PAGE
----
With a method of intranasal instillation of poliomyelitis virus that brings about infection of all M. rhesus monkeys subjected to it, a study was undertaken of the fate of nasally instilled virus in normal and convalescent, immune animals. Control experiments revealed that nasal mucosa of normal monkeys contained no observable antiviral factors and that when five or ten minimal cerebral infective doses were added to the mucosa, virus could be detected by the employed procedure. In the olfactory bulbs even a single infective dose could be recovered, since suspensions of both bulbs could be transferred to the brain of a monkey without any loss of material.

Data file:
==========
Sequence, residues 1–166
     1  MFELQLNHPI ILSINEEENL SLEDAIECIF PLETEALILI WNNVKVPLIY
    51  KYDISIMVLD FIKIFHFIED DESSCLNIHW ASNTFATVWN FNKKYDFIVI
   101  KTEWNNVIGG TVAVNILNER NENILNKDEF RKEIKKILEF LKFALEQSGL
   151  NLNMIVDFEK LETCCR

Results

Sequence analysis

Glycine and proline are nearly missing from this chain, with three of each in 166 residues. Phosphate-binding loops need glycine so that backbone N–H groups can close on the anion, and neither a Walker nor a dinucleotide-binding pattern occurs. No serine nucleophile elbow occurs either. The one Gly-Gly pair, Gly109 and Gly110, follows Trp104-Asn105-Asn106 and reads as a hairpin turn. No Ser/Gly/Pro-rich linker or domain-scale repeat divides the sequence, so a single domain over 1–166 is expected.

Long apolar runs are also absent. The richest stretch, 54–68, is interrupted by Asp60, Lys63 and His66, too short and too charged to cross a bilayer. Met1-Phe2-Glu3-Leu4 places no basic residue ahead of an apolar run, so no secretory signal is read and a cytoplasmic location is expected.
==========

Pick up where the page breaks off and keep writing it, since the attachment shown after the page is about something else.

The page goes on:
After nasal instillation of virus in normal monkeys, it disappeared quickly (4 hours or less) and could be recovered neither from the excised nasal mucosa nor from the olfactory bulbs during the first 48 hours. At 72 hours, just before or coincident with the first rise of temperature, virus was found in very small amounts in the nasal mucosa and for the first time also in the olfactory bulbs. At 96 hours, at least 3 days before the appearance of nervous signs, and later, while virus continued to be present in considerable amounts in the olfactory bulbs (and presumably elsewhere in the central nervous system), none was detected in the nasal mucosa. In convalescent, immune animals receiving the same strain of virus intranasally which caused the original infection, none could be recovered from the nasal mucosa or central nervous system at 4 hours, 1, 2, 3, 4, 5, and 7 days. The bearing of these observations on the problem of host to host transmission of poliomyelitis virus is discussed.